For all the crap that the media has put us through with respect to healthy eating and low carb diets over the last decade, you wouldn’t think that the food wars playing out in the streets of Calgary would have anything to do with of all things – Pizza. But pizza is in fact the buzz of Calgary’s food scene, that and poutine of course.

If you go to Urbanspoon’s Calgary page you will quickly notice that two of the ten “talk of the town” restaurants are pizza joints, including Famoso Neapolitan Pizzeria in the number one position. You will also notice that under best fine dining, Ristorante Pulcinella is ranked third. Given the quality of pizza being put out by these two restaurants this is really no surprise. Both use the Napoletana standard when it comes to how they cook their pizzas. The Napoletana standard outlines many aspects of how to cook authentic Neapolitan pizza, including the type of flour (“00”), cooking temperature (800°F), 90 second cook times, and the use of fresh basil to name a few.

The taste and structures of these two pizza joints flatbreads could not be more different however. Pulcinella tends to have a thinner crust, uses mostly cured meats, and has what I love, a slightly burnt crust. To me, the charred flavor is what sets Pulcinella apart, that and the sometimes dismal service. It is not uncommon to have a poorly trained server at Pulicinella mix up an order, or worse poor wine from a bottle into a glass that contains a completely different wine. The latter of these two mishaps has happened to us twice when in large groups, where a waitress picked up a random bottle off the table and without asking started topping up random glasses that appeared to have the same wine merely because they were also red. This treatment of wine as water shows that there is good intent, but a complete lack of formal training at what many consider a fine dining restaurant.

Famoso on the other hand takes a completely different approach. They have steered away from full service all together, putting the emphasis back on the pizza. At Famoso you are seated, you pick what you would like, go to the counter to order, and then the food is delivered just like it would be at any other restaurant. When you are done they clear your table for you and bring you the bill. I love this concept because there is no waiting for a busy server, no being interrupted during conversation, and no pressure (unless of course from your dining partners) to order on someone else’s schedule. Furthermore, Famoso’s much bigger rotating oven cooks upwards of 11 pizza’s where Pulcinella’s only cooks four. For a much smaller restaurant this means much faster service and all pizza’s showing up at once rather than being dispersed, as is the case when you go to Pulcinella in a large group.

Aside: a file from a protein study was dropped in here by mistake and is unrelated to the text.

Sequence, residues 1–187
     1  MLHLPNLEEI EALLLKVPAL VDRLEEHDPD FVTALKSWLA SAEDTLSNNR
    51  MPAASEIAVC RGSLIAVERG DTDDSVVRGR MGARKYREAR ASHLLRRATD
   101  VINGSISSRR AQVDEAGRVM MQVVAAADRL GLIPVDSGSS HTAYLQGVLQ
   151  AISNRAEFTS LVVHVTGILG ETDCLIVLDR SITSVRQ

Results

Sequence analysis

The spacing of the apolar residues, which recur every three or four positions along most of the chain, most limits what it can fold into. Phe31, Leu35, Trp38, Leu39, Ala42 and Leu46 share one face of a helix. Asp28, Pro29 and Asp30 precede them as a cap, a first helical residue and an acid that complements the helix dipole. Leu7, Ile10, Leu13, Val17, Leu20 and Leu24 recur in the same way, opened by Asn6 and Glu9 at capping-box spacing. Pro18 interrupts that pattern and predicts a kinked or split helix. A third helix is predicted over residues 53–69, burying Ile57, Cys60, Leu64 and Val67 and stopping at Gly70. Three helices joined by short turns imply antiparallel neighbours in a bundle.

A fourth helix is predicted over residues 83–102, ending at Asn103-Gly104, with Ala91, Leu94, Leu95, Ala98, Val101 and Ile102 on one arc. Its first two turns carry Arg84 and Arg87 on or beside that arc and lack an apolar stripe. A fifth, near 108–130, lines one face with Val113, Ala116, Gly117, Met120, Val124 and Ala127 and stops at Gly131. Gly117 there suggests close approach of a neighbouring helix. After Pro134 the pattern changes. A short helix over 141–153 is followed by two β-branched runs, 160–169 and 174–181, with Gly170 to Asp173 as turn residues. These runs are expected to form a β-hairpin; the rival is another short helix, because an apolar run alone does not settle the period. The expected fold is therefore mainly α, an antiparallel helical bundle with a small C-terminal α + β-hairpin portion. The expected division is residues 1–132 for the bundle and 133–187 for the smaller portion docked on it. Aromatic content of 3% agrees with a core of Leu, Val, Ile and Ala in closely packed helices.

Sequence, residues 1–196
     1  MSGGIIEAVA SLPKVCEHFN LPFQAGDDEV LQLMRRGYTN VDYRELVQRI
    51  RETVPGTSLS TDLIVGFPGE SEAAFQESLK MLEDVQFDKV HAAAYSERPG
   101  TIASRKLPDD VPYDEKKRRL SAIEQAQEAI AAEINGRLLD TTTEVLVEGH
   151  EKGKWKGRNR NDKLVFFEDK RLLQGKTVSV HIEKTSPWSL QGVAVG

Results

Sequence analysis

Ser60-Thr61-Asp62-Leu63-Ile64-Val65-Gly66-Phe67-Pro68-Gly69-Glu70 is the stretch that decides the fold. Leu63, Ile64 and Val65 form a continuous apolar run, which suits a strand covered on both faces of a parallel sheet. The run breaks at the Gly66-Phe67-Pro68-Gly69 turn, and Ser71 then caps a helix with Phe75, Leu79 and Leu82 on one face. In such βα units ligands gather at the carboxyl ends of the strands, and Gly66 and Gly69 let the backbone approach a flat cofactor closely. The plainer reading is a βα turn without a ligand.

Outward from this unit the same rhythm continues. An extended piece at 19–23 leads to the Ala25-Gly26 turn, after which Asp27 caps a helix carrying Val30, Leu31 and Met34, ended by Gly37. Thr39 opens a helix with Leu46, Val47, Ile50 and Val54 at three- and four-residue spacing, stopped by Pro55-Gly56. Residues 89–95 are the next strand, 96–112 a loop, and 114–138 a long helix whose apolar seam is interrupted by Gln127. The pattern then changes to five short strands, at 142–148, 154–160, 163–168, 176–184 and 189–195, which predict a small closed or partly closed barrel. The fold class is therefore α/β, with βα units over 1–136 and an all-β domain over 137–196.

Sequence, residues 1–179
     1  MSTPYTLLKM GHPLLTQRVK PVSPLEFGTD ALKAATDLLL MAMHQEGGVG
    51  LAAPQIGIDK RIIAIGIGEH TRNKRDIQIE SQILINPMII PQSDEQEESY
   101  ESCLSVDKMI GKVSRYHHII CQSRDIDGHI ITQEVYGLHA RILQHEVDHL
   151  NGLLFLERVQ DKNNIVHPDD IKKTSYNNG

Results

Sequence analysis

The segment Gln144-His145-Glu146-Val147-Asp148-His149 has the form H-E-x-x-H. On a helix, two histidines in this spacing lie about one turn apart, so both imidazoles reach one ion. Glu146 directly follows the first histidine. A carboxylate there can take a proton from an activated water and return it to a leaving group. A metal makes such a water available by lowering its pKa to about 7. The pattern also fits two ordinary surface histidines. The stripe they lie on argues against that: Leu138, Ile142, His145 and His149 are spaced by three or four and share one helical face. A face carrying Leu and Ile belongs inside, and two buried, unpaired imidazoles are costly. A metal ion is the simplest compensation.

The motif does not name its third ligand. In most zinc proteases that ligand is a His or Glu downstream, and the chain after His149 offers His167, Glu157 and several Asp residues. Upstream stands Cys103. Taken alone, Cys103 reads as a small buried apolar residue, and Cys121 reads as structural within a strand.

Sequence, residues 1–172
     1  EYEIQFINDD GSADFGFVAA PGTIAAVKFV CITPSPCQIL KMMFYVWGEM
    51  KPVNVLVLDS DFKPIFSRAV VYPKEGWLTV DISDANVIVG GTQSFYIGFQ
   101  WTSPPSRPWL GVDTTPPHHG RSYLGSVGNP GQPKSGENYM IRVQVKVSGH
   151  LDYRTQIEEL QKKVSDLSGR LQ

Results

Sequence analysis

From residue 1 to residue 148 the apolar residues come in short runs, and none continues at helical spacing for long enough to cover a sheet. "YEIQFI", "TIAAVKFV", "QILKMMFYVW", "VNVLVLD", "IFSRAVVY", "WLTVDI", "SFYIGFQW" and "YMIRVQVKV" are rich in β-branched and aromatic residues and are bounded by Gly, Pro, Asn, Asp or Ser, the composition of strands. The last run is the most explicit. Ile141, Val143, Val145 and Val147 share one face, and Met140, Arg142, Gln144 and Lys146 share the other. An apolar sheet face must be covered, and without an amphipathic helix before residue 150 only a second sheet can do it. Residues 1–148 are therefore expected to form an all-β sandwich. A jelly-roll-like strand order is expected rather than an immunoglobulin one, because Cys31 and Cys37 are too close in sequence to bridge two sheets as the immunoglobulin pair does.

Famoso also offers what they call “New World Pizza’s”. Instead of sticking to the classic Italian pizza’s, they make an attempt to offer something for everyone, mixing the old with the new. Their Bianca sauce, which is olive oil, garlic, and oregano, is to die for, especially on their Pollo pizza. However, even with the variety of flavors, I can’t take my mind off of the charred taste that is synonymous with Pulcinella. While I love everything Famoso, that charred taste is what will keep me returning to the slightly less customer friendly, and slightly more expensive Pulcinella. But who am I kidding, you will probably find me at Famoso quite often as well.

Pulcinella what we like

  • Charred Flavor
  • Original Napoletana restaurant in Calgary
  • Location – Kensington

Famoso what we like

  • Great Service
  • New World Pizza’s
  • Bigger Oven
  • Location – Mission

Happy eating,

Nolan

Ristorante Pulcinella on Urbanspoon

Famoso Neapolitan Pizzeria on Urbanspoon